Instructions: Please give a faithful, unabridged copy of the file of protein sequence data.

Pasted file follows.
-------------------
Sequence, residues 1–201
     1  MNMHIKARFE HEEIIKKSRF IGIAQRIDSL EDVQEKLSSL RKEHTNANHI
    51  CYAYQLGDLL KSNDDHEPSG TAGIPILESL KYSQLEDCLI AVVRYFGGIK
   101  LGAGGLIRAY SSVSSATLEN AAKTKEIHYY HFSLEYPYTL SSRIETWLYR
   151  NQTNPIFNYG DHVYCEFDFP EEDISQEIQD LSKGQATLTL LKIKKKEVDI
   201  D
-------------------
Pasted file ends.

Sequence, residues 1–201
     1  MNMHIKARFE HEEIIKKSRF IGIAQRIDSL EDVQEKLSSL RKEHTNANHI
    51  CYAYQLGDLL KSNDDHEPSG TAGIPILESL KYSQLEDCLI AVVRYFGGIK
   101  LGAGGLIRAY SSVSSATLEN AAKTKEIHYY HFSLEYPYTL SSRIETWLYR
   151  NQTNPIFNYG DHVYCEFDFP EEDISQEIQD LSKGQATLTL LKIKKKEVDI
   201  D